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This review is taken from PN Review 86, Volume 18 Number 6, July - August 1992.

STRONG POISONS & HADDOCKS' EYES Brendan Kennelly, The Book of Judas (Bloodaxe Books) £25, £8.95 pb
Michael Palmer, Sun (North Point Press, San Francisco) £6.30
Sean O'Brien, HMS Glasshouse (Oxford University Press) £5.99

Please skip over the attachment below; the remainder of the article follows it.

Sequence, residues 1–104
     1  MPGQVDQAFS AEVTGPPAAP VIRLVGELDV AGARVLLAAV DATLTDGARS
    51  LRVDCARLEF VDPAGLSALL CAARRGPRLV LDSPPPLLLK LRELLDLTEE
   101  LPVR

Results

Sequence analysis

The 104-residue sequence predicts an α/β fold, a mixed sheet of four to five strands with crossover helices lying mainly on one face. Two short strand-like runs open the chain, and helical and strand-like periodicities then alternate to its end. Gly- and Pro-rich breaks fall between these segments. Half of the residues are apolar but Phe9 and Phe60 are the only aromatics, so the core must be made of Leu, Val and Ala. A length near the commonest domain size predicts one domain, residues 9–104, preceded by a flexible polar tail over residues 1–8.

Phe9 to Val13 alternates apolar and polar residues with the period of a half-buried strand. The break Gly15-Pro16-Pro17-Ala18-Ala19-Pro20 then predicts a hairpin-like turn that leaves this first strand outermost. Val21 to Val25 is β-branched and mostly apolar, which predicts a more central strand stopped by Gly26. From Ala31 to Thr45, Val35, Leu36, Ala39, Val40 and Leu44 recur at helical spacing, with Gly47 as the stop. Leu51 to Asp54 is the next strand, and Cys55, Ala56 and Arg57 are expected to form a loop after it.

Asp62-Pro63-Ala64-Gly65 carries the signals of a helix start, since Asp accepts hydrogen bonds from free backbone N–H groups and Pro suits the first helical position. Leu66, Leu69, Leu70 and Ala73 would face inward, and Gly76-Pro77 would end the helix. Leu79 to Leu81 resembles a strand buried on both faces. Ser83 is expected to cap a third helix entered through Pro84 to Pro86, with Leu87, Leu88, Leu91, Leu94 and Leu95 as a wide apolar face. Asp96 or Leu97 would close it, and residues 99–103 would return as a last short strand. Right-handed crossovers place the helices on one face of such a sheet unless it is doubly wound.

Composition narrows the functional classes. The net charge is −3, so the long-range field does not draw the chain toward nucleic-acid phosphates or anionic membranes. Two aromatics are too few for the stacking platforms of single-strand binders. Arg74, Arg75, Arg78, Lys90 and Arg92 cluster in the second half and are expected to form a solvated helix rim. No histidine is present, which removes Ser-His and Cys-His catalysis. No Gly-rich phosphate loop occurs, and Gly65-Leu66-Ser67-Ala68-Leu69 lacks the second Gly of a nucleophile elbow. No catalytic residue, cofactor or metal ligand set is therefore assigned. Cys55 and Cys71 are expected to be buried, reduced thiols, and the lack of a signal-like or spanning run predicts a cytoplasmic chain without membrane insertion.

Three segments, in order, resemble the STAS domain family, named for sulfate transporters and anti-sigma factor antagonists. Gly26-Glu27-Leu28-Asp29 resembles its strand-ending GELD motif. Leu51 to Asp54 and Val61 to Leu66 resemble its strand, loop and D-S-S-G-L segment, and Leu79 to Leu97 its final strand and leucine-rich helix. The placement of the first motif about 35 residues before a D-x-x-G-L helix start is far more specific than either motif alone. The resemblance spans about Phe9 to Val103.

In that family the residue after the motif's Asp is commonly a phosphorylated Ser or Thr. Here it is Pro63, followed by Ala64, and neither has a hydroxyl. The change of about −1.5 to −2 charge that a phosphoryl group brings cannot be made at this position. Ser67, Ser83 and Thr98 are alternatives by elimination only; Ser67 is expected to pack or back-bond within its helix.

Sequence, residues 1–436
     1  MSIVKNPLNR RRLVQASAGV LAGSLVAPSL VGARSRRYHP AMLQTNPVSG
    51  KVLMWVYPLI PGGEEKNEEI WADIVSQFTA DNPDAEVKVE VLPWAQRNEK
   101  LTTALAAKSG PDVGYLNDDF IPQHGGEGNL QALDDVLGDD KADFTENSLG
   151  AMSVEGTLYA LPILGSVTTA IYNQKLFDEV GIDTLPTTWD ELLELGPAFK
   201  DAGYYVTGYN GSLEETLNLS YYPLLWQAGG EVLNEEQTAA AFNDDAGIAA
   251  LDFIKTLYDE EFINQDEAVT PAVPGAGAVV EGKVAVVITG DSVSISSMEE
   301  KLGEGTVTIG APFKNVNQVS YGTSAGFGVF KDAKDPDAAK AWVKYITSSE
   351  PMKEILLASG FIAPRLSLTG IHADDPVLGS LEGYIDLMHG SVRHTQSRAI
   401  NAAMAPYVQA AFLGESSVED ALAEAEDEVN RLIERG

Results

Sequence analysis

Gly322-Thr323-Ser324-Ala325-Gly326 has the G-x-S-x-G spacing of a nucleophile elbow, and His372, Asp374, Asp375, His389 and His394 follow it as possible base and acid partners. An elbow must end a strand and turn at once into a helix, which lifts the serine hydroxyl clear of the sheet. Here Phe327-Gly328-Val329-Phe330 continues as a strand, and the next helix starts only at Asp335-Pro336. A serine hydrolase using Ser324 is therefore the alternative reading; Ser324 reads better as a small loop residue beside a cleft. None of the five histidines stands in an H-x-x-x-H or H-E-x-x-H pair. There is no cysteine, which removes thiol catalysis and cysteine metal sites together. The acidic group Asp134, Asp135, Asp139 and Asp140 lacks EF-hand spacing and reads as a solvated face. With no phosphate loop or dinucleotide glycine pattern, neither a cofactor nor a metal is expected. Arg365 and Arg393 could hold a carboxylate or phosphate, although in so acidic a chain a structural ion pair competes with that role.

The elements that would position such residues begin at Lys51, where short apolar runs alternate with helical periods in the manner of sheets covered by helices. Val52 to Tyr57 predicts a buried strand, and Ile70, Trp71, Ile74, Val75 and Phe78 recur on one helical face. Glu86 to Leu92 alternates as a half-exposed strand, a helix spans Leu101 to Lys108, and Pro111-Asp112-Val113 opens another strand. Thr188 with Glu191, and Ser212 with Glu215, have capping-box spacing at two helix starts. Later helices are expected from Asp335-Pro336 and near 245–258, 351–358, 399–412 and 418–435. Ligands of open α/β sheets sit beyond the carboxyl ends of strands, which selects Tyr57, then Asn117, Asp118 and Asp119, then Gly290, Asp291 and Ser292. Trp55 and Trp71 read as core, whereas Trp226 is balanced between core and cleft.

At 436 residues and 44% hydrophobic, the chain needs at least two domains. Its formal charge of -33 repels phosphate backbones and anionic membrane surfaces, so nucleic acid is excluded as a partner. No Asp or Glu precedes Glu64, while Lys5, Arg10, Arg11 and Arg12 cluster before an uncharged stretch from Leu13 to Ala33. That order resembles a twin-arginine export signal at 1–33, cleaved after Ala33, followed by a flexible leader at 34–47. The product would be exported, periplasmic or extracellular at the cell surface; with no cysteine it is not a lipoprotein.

The Book of Judas is a monstrous book, monstrous in size (365 pages of poems, and 400 pages in all, including the Preface, the index, and the advertisements - of which more later - at the end for other of Kennelly's books), and monstrous in content. It is not a book that should be read in times that are personally difficult, for it is deeply shocking and deeply depressing. It is also, in small doses, extremely funny, but it makes its main effect by sheer accumulation, the indefatigable Judas voice worrying spitefully, sneeringly, accusingly, self-pityingly, self-justifyingly on and on, and one ends the book (having laid it aside on occasion because it is so unbearable) in a spirit of flat exhaustion, a mood in which the world, too, seems to have been reduced to a place of flat exhaustion, ticking dully over out of mere vindictiveness, a place that it would be an over-dramatization to call Hell. Because the main effect is made by accumulation, the book could have been rather shorter, or. very much longer, it would have made no difference, and there is small point in saying that some of these mostly short poems are less successful and more slapdash than others, or that certain sections (notably section 6) make a weaker impression than others. Still, there is no harm in pointing to a literary precursor: the two extraordinary speeches of Satan to Christ in Book I of Paradise Regained, coiling, hate-filled, self-damning, self-loathing, playing with sick ...

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